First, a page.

- The right to terminate - most guarantees continue for a long time and tend to restrict the ability of the guarantor to terminate. When your business has been relieved of its obligations, then the guarantee should terminate. If the original documentation which gave rise to the guarantee (loan document or lease agreement) is subsequently amended, it is advisable to limit the scope of the guarantee so that future amendments do not automatically apply lest they increase your liability. Some guarantees may include conditions that need to be satisfied to release you from the guarantee. These ought to be reviewed carefully to ensure they are both reasonable and not a back door to keeping you on the hook beyond what is intended.
- Caps on personal assets – putting your personal wealth on the line is a big risk for any business owner. If the creditor is open to negotiating a cap on the amount of personal assets it could have recourse to in the event you could not meet your obligations under the guarantee, that would at least mitigate your own losses in the worst-case scenario.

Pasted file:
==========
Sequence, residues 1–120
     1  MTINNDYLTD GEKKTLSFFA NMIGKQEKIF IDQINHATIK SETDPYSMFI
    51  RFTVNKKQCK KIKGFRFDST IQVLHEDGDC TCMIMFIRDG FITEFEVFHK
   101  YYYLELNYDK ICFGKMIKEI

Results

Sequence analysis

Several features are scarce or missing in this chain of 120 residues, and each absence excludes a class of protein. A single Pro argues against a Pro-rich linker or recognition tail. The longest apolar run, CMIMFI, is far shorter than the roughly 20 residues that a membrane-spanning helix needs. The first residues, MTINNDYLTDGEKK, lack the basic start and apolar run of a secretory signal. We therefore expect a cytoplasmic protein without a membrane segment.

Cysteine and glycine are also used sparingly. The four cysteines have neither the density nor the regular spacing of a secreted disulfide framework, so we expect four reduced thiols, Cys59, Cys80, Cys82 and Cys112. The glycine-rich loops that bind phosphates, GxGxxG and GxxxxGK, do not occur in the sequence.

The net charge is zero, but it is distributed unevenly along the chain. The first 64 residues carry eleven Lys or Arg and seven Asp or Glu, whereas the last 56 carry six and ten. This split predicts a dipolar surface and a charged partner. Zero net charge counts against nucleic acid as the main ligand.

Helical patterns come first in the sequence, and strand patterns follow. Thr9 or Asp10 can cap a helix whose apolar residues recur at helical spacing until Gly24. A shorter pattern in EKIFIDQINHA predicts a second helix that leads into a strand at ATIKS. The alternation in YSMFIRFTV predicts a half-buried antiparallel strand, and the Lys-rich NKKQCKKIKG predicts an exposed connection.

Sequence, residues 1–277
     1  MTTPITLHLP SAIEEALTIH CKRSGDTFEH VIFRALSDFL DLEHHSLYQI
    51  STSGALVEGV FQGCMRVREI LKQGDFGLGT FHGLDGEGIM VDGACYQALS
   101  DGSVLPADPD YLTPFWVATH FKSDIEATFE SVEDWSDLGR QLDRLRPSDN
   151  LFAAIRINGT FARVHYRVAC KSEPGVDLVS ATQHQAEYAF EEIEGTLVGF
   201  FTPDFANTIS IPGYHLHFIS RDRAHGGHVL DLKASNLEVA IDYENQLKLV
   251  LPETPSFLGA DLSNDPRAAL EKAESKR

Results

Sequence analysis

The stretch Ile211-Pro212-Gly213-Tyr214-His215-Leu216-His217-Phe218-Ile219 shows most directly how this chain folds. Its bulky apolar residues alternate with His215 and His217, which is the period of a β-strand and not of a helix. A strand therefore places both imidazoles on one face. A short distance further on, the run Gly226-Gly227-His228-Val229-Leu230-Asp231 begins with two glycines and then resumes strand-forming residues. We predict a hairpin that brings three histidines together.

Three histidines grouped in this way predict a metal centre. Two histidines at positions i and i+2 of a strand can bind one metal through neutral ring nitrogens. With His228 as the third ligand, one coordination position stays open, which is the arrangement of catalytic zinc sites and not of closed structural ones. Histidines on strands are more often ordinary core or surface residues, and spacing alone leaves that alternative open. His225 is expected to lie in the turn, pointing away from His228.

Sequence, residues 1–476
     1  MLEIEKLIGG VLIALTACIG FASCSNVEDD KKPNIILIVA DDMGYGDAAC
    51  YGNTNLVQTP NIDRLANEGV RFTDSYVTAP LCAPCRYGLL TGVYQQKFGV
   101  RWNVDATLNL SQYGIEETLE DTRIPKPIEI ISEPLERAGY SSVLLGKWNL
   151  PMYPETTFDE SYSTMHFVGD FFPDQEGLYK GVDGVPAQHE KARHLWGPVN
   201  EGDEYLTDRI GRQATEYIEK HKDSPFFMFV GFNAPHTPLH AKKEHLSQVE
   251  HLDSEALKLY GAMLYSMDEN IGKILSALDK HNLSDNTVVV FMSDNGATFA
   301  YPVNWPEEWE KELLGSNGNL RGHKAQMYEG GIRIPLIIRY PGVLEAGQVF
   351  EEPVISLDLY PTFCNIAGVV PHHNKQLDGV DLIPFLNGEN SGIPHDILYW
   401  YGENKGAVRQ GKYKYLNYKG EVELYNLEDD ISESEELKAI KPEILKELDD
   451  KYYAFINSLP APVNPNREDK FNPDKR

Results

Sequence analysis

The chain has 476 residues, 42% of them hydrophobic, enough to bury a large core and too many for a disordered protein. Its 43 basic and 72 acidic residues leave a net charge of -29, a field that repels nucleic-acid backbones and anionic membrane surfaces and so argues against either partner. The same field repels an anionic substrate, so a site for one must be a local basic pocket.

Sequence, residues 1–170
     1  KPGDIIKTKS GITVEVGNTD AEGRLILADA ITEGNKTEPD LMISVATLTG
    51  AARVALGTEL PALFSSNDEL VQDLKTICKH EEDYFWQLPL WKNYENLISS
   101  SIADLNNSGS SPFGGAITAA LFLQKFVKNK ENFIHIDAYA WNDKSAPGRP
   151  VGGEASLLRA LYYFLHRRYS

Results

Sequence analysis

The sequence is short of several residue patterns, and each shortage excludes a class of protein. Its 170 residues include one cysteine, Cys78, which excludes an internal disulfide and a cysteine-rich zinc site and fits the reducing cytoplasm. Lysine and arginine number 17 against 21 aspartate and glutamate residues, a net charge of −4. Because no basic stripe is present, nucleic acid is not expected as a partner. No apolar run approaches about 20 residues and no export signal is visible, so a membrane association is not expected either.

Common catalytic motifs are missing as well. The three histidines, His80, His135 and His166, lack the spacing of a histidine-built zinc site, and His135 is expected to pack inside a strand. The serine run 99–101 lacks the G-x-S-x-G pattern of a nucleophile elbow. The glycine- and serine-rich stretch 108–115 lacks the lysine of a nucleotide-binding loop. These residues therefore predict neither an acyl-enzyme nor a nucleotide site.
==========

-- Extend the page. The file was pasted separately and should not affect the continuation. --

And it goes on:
Of course, the above are not exhaustive and unfortunately there is the possibility that a personal guarantee can be obtained through fraud or deceit.
How we can help
Our commercial team has extensive experience with protecting small and medium business owners and ensuring that any personal guarantee requests from creditors are reasonable, legitimate and mitigate your risks.
To find out more, please contact please contact Selwan Yousif on 01732 353305 or email email@example.com. Bailey & Cogger has offices in Tonbridge, Gravesend, Maidstone, Chatham and Tenterden.
This article is for general information only and does not constitute legal or professional advice. Please note that the law may have changed since this article was published.